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TRAVEL AND ADVENTURE- Antarctica in an Afternoon PDF Print E-mail
Written by Steve Murray, Creative Syndicate   
Thursday, 08 December 2011 05:03

The International Antarctic Centre in Christchurch, New Zealand, provides an introduction to Antarctic land exploration. Photo courtesy of Steve Murray.

It's hard for passengers arriving at the airport in Christchurch, New Zealand, to miss the International Antarctic Centre. Its dull silver facade shines in the sun like an iceberg, and blue penguin footprints painted on the pavement mark the five-minute walk from the airport to its entrance. In fact, the IAC is a public window into the working research campus that surrounds it, a launching point for New Zealand, United States and Italian expeditions to the Antarctic continent. A brief visit to one of the city's most popular attractions provides a permanent appreciation for scientists working at the planet's extremes.

Christchurch, a city of about 376,000 people, has long ties to exploration in the Southern Ocean. Scott, Shackleford and Byrd — heroic names from the area's history — sailed from the city's Lyttelton Harbor, bound for the South Pole. This South Island city has earned its title of gateway to the ice.

The IAC opened in 1992 to give the public a glimpse of the challenges and rewards of science in Antarctica. As a firsttime visitor to Christchurch and knowing I was unlikely ever to visit the Antarctic, I was eager to check it out.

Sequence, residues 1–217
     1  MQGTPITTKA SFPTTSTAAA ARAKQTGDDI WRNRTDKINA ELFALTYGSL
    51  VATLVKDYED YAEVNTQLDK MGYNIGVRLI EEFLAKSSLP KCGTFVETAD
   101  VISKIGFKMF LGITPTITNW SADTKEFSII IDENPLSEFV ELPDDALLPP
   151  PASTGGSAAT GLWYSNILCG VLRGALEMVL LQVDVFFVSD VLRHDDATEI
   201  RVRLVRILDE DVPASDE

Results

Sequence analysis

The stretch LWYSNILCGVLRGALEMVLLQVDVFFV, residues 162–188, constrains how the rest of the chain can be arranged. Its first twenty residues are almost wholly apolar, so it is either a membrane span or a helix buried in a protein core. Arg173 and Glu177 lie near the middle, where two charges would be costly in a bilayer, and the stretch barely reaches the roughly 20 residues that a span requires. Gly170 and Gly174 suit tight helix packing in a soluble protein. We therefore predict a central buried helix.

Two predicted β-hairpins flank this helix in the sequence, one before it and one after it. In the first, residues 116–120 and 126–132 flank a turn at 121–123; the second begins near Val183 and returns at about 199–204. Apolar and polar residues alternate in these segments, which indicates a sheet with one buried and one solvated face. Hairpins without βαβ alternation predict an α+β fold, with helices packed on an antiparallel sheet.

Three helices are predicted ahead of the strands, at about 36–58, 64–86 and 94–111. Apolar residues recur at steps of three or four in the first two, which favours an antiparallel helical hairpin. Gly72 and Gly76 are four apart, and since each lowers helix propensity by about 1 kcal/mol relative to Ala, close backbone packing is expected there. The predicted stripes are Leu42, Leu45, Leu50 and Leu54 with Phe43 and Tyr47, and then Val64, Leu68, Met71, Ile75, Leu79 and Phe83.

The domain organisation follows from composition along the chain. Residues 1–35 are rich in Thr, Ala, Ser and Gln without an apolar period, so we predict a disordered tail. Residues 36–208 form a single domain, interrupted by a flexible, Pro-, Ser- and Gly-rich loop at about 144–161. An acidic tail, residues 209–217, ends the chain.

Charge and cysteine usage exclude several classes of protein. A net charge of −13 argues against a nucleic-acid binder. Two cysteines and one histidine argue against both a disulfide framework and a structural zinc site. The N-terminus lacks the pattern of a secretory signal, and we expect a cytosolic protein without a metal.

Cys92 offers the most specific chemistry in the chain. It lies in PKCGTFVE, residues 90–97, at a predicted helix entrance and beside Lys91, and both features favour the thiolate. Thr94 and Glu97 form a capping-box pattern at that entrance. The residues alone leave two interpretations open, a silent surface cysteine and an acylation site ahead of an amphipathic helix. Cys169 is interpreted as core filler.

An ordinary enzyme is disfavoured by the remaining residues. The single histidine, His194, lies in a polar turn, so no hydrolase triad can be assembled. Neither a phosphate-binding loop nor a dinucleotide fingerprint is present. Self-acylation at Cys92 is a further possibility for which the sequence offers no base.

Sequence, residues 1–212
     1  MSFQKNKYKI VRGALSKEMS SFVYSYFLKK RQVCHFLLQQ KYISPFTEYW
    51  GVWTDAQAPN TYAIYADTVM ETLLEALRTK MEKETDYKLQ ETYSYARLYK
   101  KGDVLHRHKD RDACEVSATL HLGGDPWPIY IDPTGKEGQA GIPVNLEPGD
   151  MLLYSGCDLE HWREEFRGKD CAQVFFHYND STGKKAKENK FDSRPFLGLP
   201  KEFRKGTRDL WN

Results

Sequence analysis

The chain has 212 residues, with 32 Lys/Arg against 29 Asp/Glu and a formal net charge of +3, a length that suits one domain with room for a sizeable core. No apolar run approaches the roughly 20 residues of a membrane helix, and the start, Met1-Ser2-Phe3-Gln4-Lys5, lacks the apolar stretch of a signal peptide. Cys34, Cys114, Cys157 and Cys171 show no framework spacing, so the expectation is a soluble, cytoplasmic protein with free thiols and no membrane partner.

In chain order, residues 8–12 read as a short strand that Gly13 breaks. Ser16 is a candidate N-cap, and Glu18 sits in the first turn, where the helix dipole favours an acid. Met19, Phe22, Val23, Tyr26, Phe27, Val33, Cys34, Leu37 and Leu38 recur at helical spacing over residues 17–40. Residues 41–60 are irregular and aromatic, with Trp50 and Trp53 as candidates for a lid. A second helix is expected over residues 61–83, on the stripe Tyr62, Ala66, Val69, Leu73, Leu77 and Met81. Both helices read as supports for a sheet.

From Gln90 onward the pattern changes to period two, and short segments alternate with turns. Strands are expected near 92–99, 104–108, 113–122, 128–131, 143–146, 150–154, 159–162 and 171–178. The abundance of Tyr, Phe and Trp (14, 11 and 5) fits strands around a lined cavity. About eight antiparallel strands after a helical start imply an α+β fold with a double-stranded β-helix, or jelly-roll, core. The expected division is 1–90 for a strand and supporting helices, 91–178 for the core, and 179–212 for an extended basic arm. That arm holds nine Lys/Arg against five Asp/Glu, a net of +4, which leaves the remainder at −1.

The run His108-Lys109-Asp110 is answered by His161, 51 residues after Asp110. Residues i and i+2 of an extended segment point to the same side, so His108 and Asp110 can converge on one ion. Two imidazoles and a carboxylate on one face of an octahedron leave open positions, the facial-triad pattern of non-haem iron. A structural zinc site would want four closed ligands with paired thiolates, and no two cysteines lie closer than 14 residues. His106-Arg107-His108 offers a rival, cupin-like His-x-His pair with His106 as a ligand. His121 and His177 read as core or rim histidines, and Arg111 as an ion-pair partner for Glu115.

A yellow Hagglund was parked in front of the entrance when I arrived. The all-terrain vehicle looked just like the nononsense transportation scientists would want in the Antarctic. The admissions clerk noticed my repeated glances at it as I purchased my ticket.

"You can start anywhere you like," she said, "but Alastair is about to leave on the Hagglund ride, and he still has room."

Alastair gave a weathered grin from under scattered brown hair and turned to lead me to the vehicle. Eight others were already strapped into the rear cab, so I took a seat in the front.

"Whatever you do," Alastair said in his clipped New Zealander speech, "don't touch the Titanic handle." The door handle didn't look very special to me, so I didn't ask why it had a special name.

We took off, driving around a hilly field clearly designed to challenge the rugged Hagglund. As the hills grew steeper, passengers grabbed the fixed handholds on the cab walls. When the track tilted sideways, most conversation stopped. Finally the vehicle dropped into a wide pool of muddy water that reached to the door windows. Alastair gleefully told us that the water was deeper than the Hagglund was high. Now I understood why he called it a Titanic handle. And, no, I wasn't about to touch it.

The ride takes a short route through simulated terrain to show visitors what it's like to operate on fields of snow, ice and rock. As we parked back in front of the IAC, I could appreciate that just getting to a research site was its own reward in the Antarctic. It was a great introduction to what the IAC had to offer, and I was eager to explore inside.

Like many museums, the IAC offers hand-held audio guides to explain its exhibits. When I turned mine on, however, I was startled to hear the voice of Sir Edmund Hillary. The famous New Zealand explorer — the man who pioneered the first successful climb of Mount Everest — had thought enough of the IAC when it was opened to record his own thoughts and interpretations for visitors. With a guide like this, I paid very close attention.